characteristics of life

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Characteristics of Life
Camille T. Dungy

A fifth of animals without backbones could be at risk of extinction, say scientists.
—BBC Nature News

Ask me if I speak for the snail and I will tell you
I speak for the snail.
speak of underneathedness
and the welcome of mosses,
of life that springs up,
little lives that pull back and wait for a moment.

I speak for the damselfly, water skeet, mollusk,
the caterpillar, the beetle, the spider, the ant.
I speak
from the time before spinelessness was frowned upon.

Ask me if I speak for the moon jelly. I will tell you
one thing today and another tomorrow
and I will be as consistent as anything alive
on this earth.

I move as the currents move, with the breezes.
What part of your nature drives you? You, in your cubicle
ought to understand me. I filter and filter and filter all day.

Ask me if I speak for the nautilus and I will be silent
as the nautilus shell on a shelf. I can be beautiful
and useless if that’s all you know to ask of me.

Ask me what I know of longing and I will speak of distances
between meadows of night-blooming flowers.
I will speak
the impossible hope of the firefly.

You with the candle
burning and only one chair at your table must understand
such wordless desire.

To say it is mindless is missing the point.

almost like

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Almost Like They Wanted It
Camille T. Dungy

Because she’d heard him laugh through new moon darkness
and she knew he’d fallen and she knew, before she turned,
he’d be crawling, like a crawdad, rock to loam—
because she tried to love the straight back and neck
he’d erected to recollect the man he’d been
before—because she found herself adding up his usefulness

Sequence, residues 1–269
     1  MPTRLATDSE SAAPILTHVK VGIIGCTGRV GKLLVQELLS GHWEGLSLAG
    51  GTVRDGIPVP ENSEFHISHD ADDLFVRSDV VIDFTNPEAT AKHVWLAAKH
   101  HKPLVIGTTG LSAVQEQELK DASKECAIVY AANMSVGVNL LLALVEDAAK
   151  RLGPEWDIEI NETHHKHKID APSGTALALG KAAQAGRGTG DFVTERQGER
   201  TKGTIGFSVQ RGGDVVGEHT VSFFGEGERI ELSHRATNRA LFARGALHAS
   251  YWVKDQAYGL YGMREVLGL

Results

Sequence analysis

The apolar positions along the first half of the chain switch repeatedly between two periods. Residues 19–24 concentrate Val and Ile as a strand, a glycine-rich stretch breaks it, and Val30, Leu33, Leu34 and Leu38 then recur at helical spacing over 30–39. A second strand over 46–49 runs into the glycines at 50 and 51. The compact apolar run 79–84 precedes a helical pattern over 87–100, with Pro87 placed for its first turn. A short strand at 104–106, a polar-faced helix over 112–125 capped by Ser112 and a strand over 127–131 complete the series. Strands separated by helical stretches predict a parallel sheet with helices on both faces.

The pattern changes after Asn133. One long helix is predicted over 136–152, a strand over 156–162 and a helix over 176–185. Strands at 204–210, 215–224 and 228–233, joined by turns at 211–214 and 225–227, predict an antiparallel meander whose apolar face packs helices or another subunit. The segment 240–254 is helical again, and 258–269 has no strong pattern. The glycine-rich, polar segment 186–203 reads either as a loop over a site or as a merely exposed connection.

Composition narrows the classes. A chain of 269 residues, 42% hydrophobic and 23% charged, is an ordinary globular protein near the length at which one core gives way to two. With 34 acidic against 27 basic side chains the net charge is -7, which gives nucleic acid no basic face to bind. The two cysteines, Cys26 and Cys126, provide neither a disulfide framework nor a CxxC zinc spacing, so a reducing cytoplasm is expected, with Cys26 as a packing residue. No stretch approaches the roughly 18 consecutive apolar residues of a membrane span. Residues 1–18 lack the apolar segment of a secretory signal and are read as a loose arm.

like some kind of auctioneer—she showed him
the dark coils areoling both her breasts and all the ways
she bent and lifted, bent and lifted, steady, strong.
She let him believe he was past due for a harvest
and her hands were the right ones, now, to hold onto the scythe.

                                                        •

She made quick work of pleasure. The boysmile bunked down
in his eyes, she claimed. Her tongue found the place in his mouth
where the teeth were gone—where he’d hold his corncakes
until they grew soft enough to chew. History had bedded him
in all of this—his own history and failures not his own.
Before he’d tramped in she’d watched another man—a man she’d thought
she’d hated—watched his body opened, opened, opened until
blood had married brine. She’d watch that man be whipped into something
good for nothing more than fertilizing clay and she’d thought
buckshot would have been a brand of kindness if sprayed into him
just then. But even after his hard going, she did not miss him very much.
                                                        •
Anyone she chose could be shucked like surplus property tomorrow,
but that hadn’t been enough to warn her off of picking him that night.
Because she knew if she set her sight on nothing she’d get nothing
in return, she’d walked with him. But because the night progressed so
—because there were some clouds—no stars—no moon—he’d tripped
over the branch of a dead and down tree. In all that darkness,
there, without a moon, even then, she had not fallen. She thought
to say so, but she did not say so. She did nothing
but say she was sorry for him. She did not use her mouth
to say this. Could he not listen to her hands? They spoke softly,
articulating her condolences, to his torn and bleeding skin.